Thanks for the head up on that one. I was eyeballing it the other day. Looks like I will be going with someone else.

-- christopheralan

View William's profile


9950 posts in 3642 days

#7 posted 05-17-2011 02:58 PM

I caught it on sale at Harbor Freight and bought a cheaper brand for $19.99. It’s a pretty good tool. It has helped me out a few times in a tight spot when I couldn’t find a better tool to do certain things with. All in all though, the only reason I’m happy with mine is that I didn’t pay much for it. The tool itsels does what it’s supposed to do. The biggest drawback I have found to it is the fact that there just isn’t much to use it on that another tool wouldn’t do a better job. So, I don’t use it much.
The one place I’ve used it most is when building a project, and after assembly I realize that there’s a spot I forgot to sand. It’s in too tight a spot to use a regular power sander and I don’t feel like sanding it by hand. The little detail sander attachment I have more my el-cheapo model will get right in there and do the job quickly.


View cornflake's profile


36 posts in 3490 days

#8 posted 05-17-2011 02:58 PM

craftsman also makes a lithium ion cordless version which i have and yes you cant cut thick stock with it however it you need to cut notches or square up cuts in plywood this saw is hard to beat i used this saw on a chicken coop i built last month.

View Vicki's profile


1127 posts in 4144 days

#9 posted 05-17-2011 05:49 PM

I have the Dremel Multi-Max and a generic one from True Value. They both work great and are indispensilbe time savers. The generic is heavier, but that is the only ‘con’ with it I’ve found so far. Sears has a lifetime gaurantee. Maybe yours has a bad blade hold mechanism. Try and exchange.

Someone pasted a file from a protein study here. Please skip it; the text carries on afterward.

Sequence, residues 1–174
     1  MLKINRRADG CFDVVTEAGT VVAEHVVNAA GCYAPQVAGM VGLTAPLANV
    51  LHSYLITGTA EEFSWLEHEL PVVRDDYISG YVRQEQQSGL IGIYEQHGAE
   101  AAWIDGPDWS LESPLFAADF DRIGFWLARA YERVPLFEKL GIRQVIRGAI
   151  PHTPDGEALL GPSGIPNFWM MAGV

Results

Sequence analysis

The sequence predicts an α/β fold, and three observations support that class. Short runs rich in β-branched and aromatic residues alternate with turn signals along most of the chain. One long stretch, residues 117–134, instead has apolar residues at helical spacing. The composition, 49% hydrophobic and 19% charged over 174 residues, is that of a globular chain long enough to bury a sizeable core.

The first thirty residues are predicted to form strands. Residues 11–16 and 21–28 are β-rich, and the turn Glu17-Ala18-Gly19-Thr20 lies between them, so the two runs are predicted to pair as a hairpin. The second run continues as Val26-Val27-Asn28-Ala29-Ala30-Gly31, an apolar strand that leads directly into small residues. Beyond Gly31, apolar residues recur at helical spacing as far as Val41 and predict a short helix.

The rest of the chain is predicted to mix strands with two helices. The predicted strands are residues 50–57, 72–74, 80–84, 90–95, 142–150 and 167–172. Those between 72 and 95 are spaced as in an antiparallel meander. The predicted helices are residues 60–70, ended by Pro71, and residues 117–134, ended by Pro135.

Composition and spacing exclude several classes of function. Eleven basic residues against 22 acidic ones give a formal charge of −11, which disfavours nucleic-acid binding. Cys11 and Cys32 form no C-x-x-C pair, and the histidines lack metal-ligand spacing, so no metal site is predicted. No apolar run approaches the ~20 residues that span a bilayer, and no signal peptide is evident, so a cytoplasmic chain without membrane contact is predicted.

-- Vicki on the Eastern Shore of MD

View Jim's profile


80 posts in 4877 days

#10 posted 05-18-2011 09:32 AM

I have the Rockwell and have the same problem with keeping the blade tight. Handy tool but it needs some care to work. I’ve used a Fein that a friend had and I really liked it. Hope to get one of those next.

-- Jim,

View Cosmicsniper's profile


2202 posts in 3958 days

#11 posted 05-18-2011 03:00 PM

My Dremel Multimax is one of the more irreplaceable tools I have. It’s not the best quality, but it works…makes me want the Fein. And I disagree that you shouldn’t use these tools on door jambs…mine never has a problem with that application.

-- jay,

View David Grimes's profile

David Grimes

2078 posts in 3440 days

#12 posted 05-18-2011 06:25 PM

I didn’t say that you “shouldn’t use” it for cutting jambs. Sure, cut some jambs with it here and there, but if you are a flooring installer (as in doing it every week with many, many jambs), it (and the others like it) are the wrong tool.

Will they do it ? Yes. Should they be used to do two dozen a week ? No. This is from a time, blade wear, accuracy and tool wear standpoint.

Do you see where it says “2.0 amp mini”? Those words will never be in front of the description of a work horse jamb saw.

We have the Dremel, a Bosch, and this Craftsman for a couple of years and they all perform equally well. But we use the jamb saw or the power handsaw for cutting jambs.

-- If you're going to stir the pot, think BIG spoon or SMALL boat paddle. David Grimes, Georgia

View Chipy's profile


374 posts in 3393 days

#13 posted 05-18-2011 11:55 PM

10 lousy jambs did I mention it was pine.Crapsman Socks.

View Bob Kollman's profile

Bob Kollman

1798 posts in 3991 days

#14 posted 05-28-2011 03:54 PM

2 amp motor was never meant to cut jambs…

I have this fine tool and use it for light sanding in

tight areas works great when used properly.

You should really research a tool before you buy

it. Infomercials are not a source to trust!!!!!

-- Bob Kenosha Wi.

View miles125's profile


2180 posts in 4805 days

#15 posted 05-28-2011 04:40 PM

The Fein tool like this breezes through jambs. Craftsman has just never been serious about woodworking tools.

-- "The way to make a small fortune in woodworking- start with a large one"